I live on a quiet road in the heart of the Napa Valley, surrounded by vineyards. My yard is bright green with all this winter rain and the recently pruned vineyards are clean, crisp and beautiful. The view is stunning. Though, I came home one day last week to bright yellow stripes throughout the vineyards – a sure sign that Round-up was sprayed to control weed growth at the base of the vines. I couldn’t help but feel disappointment and concern. Is the air and the dirt contaminated? Will these chemicals reach our drinking water? Will I track these pesticides into my home on the soles of my shoes?
Prior to my time at Clif Family Winery, I had never worked with organically farmed grapes. There was always an interest, but the added costs and associated risks to the crop were inhibiting factors. When I joined the Clif team, I was interested and exited to begin to understand what it meant to farm grapes organically. (All three of the Clif Family Winery Estate vineyards, as well as the Farm, are CCOF certified.) With one season under my belt, I have a much broader perspective on the topic and a fond appreciation for these sustainable practices.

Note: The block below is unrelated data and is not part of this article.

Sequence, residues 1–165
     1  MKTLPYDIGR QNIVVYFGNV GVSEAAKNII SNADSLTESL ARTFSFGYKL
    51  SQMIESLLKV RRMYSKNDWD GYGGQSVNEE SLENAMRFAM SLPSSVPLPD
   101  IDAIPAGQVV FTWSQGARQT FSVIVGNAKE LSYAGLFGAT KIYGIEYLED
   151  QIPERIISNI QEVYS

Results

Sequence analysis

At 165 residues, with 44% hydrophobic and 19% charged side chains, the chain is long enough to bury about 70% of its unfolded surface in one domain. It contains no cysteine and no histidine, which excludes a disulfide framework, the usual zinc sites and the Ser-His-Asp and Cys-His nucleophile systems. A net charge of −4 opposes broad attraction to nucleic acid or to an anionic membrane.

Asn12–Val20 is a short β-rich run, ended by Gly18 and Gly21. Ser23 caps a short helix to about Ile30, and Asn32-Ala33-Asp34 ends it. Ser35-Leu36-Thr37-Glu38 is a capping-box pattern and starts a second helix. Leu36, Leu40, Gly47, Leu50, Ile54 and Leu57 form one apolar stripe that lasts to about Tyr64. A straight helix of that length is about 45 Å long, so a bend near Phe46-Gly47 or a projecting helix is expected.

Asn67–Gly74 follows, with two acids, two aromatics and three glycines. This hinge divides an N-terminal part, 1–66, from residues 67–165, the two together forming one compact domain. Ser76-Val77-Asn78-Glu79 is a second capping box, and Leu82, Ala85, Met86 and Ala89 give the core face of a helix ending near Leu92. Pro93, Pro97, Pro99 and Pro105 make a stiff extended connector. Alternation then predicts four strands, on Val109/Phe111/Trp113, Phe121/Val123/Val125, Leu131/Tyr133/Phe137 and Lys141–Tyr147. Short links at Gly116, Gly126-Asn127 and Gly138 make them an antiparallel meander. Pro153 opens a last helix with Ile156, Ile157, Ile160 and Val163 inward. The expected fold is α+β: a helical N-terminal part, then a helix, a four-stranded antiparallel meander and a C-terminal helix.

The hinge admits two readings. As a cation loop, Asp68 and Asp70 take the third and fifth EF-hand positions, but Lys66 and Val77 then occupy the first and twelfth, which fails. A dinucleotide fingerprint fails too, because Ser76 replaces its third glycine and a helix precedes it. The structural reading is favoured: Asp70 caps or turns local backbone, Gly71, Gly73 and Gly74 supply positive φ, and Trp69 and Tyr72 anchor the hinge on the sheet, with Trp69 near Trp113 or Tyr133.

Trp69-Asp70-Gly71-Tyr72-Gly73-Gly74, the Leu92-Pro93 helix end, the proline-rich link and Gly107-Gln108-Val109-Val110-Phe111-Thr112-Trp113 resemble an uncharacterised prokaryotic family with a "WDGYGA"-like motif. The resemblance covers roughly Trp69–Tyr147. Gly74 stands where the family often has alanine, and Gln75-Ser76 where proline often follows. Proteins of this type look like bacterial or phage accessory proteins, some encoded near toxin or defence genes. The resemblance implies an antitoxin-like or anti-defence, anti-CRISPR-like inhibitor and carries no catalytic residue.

What does it mean to farm organically? In the most simple terms, our grapes are grown on soils that are free of prohibited substances, such as synthetic pesticides, ensuring our fruit is not contaminated. In the vineyard, we use only CCOF approved applications for mildew control, we dig up weeds rather than kill them with chemicals, and we release predatory mites to control damaging mite populations. These practices do cost more, due to higher priced products and labor intensive processes. The results – our dirt and grapes will be free of toxic pesticides, keeping you, our farm workers and our neighbors healthy.
So, after a year of working under these new, healthier and more environmentally friendly conditions, I am now a huge proponent of organic farming and organic eating. At the grocery store, I will now choose the $6 box of organic raspberries over the $4 box of non-organic. And, when I look out the window at the conventionally farmed vineyards that surround me, I know that as a community, we can do better.